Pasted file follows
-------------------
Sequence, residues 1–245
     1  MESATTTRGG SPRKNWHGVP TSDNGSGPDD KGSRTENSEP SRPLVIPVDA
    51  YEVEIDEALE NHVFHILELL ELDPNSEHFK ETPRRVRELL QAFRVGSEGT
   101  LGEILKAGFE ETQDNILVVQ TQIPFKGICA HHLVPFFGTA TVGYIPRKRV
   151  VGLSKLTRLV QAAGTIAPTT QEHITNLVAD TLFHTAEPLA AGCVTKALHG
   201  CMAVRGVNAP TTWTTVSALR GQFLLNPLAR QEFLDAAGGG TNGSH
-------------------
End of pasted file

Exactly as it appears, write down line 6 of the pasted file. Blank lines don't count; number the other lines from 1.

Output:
   201  CMAVRGVNAP TTWTTVSALR GQFLLNPLAR QEFLDAAGGG TNGSH